President Barack Obama promises “aggressive” efforts to control Ebola.
By Carmen Glover
As fears grow about an Ebola epidemic engulfing the USA, President Barack Obama and Centers for Disease Control (CDC) Director Dr.Thomas Frieden, urge residents to be calm, dismissing the idea that the threat seems is rising with the revelation that a second nurse contracted the disease while caring for Thomas Eric Duncan, who died from Ebola on October 10, after his condition rapidly deteriorated when he finally received care.
Duncan contracted the disease after escorting a pregnant neighbor to the hospital while he was visiting Liberia. The neighbor succumbed to Ebola and Duncan then returned to his family in Dallas, Texas on September 20. According to reports, the nurses cared for Duncan once he was admitted to the hospital the second time around. They were not wearing protective clothing during the initial two days of his care, only donning body coverings after they confirmed that he had Ebola. By then Duncan allegedly had “projectile vomiting and explosive diarrhea,” and the nurses’ lives were placed in danger.
Thomas Eric Duncan was turned away from Texas Presbyterian Hospital on 9/25 with a fever of 103. He was admitted on September 27 and died on October 10.
President Obama cancelled fundraising events in New York on Wednesday, remaining in the nation’s capital to meet with senior advisors for health, national security and homeland security to examine the current US Ebola policy.
“I know that the American people are concerned about the possibility of an Ebola outbreak, and Ebola is a very serious disease. Because of the measures that we’ve put in place, as well as our world-class health system and the nature of the Ebola virus itself, which is difficult to transmit, the chance of an Ebola outbreak in the United States is extremely low,” President Obama said.
Director of Centers for Disease Control and Prevention Dr. Tom Frieden speaks during a news conference after confirming that a patient at Texas Health Presbyterian Hospital has tested positive for Ebola. -Photo Credit: AP.
On Wednesday, October 15, fresh concerns emerged with confirmation that Amber Vinson, another of the more than 70 nurses who cared for Thomas Duncan after he was admitted to Texas Health Presbyterian Hospital on September 27, contracted the disease and took a plane to Cleveland, Ohio, before she showed symptoms. Vinson reportedly visited her family and took care of details for her upcoming wedding. Vinson was airlifted to Emory University Hospital in Atlanta, one of the four US Hospitals which is fully equipped to treat patients who have the disease.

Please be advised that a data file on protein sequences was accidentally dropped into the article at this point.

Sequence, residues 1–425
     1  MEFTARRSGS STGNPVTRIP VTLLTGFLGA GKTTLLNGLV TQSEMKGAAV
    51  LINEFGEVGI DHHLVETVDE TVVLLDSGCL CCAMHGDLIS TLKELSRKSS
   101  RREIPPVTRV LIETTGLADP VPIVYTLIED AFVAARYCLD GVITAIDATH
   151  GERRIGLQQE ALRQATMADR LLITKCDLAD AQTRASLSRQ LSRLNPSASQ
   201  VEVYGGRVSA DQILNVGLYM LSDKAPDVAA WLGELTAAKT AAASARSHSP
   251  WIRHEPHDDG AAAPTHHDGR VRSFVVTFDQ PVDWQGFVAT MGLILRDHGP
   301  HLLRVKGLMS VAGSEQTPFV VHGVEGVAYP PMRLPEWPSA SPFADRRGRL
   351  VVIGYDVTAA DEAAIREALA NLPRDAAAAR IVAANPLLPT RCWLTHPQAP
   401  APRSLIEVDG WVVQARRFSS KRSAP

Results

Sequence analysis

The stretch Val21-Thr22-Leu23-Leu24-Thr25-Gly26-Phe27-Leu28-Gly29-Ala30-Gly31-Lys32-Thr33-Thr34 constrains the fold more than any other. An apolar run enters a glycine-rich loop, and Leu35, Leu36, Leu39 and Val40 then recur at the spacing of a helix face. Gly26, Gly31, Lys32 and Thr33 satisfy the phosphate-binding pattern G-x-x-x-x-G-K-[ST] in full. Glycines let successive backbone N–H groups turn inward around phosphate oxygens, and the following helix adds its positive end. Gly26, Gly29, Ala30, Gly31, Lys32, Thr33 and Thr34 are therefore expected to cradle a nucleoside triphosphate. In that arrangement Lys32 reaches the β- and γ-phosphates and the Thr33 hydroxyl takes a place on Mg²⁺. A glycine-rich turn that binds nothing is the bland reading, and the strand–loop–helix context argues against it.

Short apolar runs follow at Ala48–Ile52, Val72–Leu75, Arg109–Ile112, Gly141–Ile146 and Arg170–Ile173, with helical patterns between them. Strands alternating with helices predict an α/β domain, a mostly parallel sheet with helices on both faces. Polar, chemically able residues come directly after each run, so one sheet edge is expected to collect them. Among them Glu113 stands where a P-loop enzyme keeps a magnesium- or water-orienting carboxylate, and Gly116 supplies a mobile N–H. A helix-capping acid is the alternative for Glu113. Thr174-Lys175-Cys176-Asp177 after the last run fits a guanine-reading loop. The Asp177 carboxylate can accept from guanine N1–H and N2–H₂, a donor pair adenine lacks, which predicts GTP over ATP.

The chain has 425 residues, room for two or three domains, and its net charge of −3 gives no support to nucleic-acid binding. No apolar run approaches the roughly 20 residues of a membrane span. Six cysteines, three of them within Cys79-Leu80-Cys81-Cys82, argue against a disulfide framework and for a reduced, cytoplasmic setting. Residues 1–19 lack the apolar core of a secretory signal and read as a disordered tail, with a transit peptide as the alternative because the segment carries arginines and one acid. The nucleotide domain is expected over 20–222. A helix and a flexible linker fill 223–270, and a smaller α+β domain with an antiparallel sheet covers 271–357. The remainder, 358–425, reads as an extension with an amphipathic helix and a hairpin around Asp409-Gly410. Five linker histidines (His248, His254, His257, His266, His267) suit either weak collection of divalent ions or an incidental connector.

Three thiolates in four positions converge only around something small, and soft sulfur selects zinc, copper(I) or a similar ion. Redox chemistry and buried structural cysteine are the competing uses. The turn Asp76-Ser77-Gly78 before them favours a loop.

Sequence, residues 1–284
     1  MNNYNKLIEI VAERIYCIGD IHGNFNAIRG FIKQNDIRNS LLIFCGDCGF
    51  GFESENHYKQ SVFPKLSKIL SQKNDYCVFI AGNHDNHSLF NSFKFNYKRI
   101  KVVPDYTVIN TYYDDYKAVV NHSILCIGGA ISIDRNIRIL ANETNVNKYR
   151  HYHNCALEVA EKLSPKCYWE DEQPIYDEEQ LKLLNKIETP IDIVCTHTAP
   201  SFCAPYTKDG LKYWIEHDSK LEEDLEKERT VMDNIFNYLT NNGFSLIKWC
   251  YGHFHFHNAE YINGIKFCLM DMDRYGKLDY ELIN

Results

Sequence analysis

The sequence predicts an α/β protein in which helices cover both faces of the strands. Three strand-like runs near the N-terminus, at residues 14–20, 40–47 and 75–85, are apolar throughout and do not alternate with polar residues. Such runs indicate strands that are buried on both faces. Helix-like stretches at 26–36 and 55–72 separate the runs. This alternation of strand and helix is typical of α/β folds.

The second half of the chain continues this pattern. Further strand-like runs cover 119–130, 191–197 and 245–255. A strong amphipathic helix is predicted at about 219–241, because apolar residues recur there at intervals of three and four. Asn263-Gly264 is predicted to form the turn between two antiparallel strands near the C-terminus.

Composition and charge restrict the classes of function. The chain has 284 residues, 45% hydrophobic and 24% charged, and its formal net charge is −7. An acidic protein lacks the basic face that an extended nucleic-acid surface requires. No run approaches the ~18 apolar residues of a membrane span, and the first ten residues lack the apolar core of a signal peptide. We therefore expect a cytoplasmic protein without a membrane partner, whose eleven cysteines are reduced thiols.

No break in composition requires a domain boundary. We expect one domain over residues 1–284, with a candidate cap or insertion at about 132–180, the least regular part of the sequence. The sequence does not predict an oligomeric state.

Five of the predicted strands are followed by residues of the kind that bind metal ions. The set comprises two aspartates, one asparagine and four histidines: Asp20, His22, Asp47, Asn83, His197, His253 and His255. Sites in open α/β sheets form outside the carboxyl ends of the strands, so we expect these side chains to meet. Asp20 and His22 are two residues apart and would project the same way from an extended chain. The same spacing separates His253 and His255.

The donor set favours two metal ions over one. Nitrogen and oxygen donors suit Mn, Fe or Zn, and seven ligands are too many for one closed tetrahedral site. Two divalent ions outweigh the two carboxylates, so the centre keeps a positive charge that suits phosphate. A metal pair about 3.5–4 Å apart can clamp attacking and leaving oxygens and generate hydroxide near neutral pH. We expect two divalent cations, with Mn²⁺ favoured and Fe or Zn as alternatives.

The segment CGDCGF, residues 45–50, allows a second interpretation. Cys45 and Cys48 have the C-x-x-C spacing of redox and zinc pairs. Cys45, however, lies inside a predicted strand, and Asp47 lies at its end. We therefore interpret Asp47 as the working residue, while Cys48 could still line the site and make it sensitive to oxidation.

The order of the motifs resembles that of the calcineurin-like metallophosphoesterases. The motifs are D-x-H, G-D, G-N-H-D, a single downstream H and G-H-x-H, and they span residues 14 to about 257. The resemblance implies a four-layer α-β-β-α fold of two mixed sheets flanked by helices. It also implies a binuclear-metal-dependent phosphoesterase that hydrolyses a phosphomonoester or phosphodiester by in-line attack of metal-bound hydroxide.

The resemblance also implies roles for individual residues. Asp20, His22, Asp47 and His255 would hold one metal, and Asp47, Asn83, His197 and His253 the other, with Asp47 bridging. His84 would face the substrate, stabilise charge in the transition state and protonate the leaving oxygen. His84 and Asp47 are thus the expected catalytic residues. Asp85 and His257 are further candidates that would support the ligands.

Amber Vinson, the second Texas nurse to contract Ebola while caring for Thomas Eric Duncan.
Coming on the heels of fellow nurse Nina Pham also contracting the disease, Vinson’s infection has driven fears to a fever pitch, resulting in the 130 passengers on the airline that she traveled being contacted by the CDC for monitoring. The airline has been decontaminated and removed from active use.
Nina Pham, the first Texas Hospital nurse to contract Ebola while caring for Thomas Duncan.
It is unclear if Vinson will get a blood transfusion from surviving missionary doctor, Kent Brantly, who generously provided his blood to Pham, who is currently in isolation at her place of work. Pham has been providing cheery updates that she is doing well and receiving the best care possible. One thing is clear: Duncan did not receive a blood transfusion. According to reports, he had a different blood type from the doctor.
As more details unfold about the new cases of the Ebola infection, questions swirl about breach of “protocol,” leading many to ask: What protocol did they really observe at Texas Presbyterian Hospital in the first place?
Dr. Kent Brantly, American missionary doctor who survived Ebola after receiving specialized care and experimental drugs.
“This is not the new AIDS,’ Frieden cautioned at one of his my press conferences since the multiple outbreaks. The President addressed the breakdown in care and steps taken to prevent future episodes. “We have learned some lessons, though in terms of what happened in Dallas. We don’t have a lot of margin for error. The protocols and procedures that are put in place must be followed.”
A nervous nation waits for word about the next person to contract the disease, a reality that many believe is certain to occur, despite words of confidence issued by the President and Frieden. Meanwhile, the World Health Organization (WHO) reported on Wednesday that 4,493 people have died from Ebola in three main countries in West Africa: Liberia, Guinea and Sierra Leone–OnPointPress.net.